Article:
aleenapaul
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Hi,
Not sure how to integrate this question...can anyone explain how I could solve it
Integrate: xe^x2 (limits 2 and 0)
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Sir Cumference
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(Original post by aleenapaul)
Hi,
Not sure how to integrate this question...can anyone explain how I could solve it
Integrate: xe^x2 (limits 2 and 0)
I'm assuming you mean xe^{x^2}?

Notice that x is a constant away from the derivative of x^2. Does that hint you towards a method?

If not, what have you already tried?
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Harrybeld
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(Original post by aleenapaul)
Hi,
Not sure how to integrate this question...can anyone explain how I could solve it
Integrate: xe^x2 (limits 2 and 0)
Use the substitution u=x^2 and go from there
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juugsailorshawty
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(Original post by Harrybeld)
Use the substitution u=x^2 and go from there
well u probably know how to differentiate e^x^2 (like any other e^x term) so try going from there. i think it's reverse chain rule.
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Harrybeld
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(Original post by juugsailorshawty)
well u probably know how to differentiate e^x^2 (like any other e^x term) so try going from there. i think it's reverse chain rule.
A substitution would be way easier than using integration by parts (which I assume is what you mean by the reverse chain rule). The integral you would end up with would be harder than the one you started with.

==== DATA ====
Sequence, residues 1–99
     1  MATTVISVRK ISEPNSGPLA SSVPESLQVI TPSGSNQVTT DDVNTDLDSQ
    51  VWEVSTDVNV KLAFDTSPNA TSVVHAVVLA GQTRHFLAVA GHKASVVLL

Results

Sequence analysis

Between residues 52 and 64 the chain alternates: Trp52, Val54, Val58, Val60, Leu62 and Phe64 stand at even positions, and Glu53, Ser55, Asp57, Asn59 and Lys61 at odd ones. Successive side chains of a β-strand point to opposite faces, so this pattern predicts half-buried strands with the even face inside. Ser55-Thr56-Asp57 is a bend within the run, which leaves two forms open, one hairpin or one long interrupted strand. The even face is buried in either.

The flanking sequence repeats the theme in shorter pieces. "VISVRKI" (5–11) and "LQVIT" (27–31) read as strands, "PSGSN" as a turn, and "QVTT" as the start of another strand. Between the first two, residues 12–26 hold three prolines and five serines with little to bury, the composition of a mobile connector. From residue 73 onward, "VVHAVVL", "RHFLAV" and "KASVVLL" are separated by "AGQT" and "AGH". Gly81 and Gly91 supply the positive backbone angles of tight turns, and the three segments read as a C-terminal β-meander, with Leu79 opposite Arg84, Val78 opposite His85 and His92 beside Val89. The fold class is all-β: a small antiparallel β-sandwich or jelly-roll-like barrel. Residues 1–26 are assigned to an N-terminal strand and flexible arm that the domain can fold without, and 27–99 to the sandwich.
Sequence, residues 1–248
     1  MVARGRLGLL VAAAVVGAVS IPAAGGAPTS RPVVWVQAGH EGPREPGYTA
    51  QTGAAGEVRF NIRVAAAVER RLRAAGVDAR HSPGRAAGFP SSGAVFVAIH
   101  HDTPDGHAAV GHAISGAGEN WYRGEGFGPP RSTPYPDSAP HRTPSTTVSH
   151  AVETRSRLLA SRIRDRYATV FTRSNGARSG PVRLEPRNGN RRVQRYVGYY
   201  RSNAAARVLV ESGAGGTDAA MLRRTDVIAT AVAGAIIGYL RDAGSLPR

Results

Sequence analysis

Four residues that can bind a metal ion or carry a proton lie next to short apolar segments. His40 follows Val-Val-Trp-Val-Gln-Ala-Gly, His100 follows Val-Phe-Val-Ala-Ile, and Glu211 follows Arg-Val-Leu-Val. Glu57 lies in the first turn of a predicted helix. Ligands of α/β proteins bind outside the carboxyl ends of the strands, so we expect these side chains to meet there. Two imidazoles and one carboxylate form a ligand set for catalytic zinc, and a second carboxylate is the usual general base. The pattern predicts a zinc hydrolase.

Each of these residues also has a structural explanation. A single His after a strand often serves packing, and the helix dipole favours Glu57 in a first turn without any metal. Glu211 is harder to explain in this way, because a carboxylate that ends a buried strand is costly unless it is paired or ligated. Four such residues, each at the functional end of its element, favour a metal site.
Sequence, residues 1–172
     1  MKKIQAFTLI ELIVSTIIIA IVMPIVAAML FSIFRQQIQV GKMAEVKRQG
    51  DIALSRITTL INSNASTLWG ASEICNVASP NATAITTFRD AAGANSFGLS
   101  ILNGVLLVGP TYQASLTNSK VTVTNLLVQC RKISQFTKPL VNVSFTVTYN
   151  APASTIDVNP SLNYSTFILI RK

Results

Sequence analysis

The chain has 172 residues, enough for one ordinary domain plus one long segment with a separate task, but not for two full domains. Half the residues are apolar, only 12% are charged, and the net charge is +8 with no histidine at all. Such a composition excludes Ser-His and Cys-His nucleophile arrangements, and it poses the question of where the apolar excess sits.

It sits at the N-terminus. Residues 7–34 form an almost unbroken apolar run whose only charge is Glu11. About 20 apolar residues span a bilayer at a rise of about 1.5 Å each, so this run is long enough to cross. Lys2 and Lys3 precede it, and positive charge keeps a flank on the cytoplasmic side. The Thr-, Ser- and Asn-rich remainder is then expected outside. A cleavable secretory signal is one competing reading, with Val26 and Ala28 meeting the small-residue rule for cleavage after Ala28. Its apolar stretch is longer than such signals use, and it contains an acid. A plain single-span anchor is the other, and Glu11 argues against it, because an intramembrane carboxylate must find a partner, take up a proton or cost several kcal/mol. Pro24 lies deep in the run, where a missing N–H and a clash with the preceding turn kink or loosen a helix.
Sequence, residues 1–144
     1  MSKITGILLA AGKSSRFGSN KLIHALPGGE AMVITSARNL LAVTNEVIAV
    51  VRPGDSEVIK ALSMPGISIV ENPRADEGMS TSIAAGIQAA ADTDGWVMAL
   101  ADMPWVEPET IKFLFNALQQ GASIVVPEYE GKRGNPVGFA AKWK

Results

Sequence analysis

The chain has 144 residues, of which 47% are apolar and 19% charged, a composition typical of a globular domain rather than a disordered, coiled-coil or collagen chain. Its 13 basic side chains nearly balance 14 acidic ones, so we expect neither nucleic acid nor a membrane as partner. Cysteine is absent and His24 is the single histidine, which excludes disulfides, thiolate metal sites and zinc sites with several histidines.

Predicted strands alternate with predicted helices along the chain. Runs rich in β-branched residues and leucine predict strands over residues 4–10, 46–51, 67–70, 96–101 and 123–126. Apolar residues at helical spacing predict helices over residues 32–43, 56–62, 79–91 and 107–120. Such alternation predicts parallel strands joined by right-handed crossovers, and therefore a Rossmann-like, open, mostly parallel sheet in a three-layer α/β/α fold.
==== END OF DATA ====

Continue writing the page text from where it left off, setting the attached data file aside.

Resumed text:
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juugsailorshawty
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(Original post by Harrybeld)
A substitution would be way easier than using integration by parts (which I assume is what you mean by the reverse chain rule). The integral you would end up with would be harder than the one you started with.
no that isn't very reverse chain rulish to do integration by parts, there's a separate method called reverse chain rule however
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dextrous63
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(Original post by juugsailorshawty)
no that isn't very reverse chain rulish to do integration by parts, there's a separate method called reverse chain rule however
Sorry, but even mentioning "by parts" is nonsense. The reverse chain rule and by substitution are synonymous.
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Harrybeld
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(Original post by dextrous63)
Sorry, but even mentioning "by parts" is nonsense. The reverse chain rule and by substitution are synonymous.
alright mate don't cry about it
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aleenapaul
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(Original post by Harrybeld)
Use the substitution u=x^2 and go from there
(Original post by Harrybeld)
A substitution would be way easier than using integration by parts (which I assume is what you mean by the reverse chain rule). The integral you would end up with would be harder than the one you started with.
thank you
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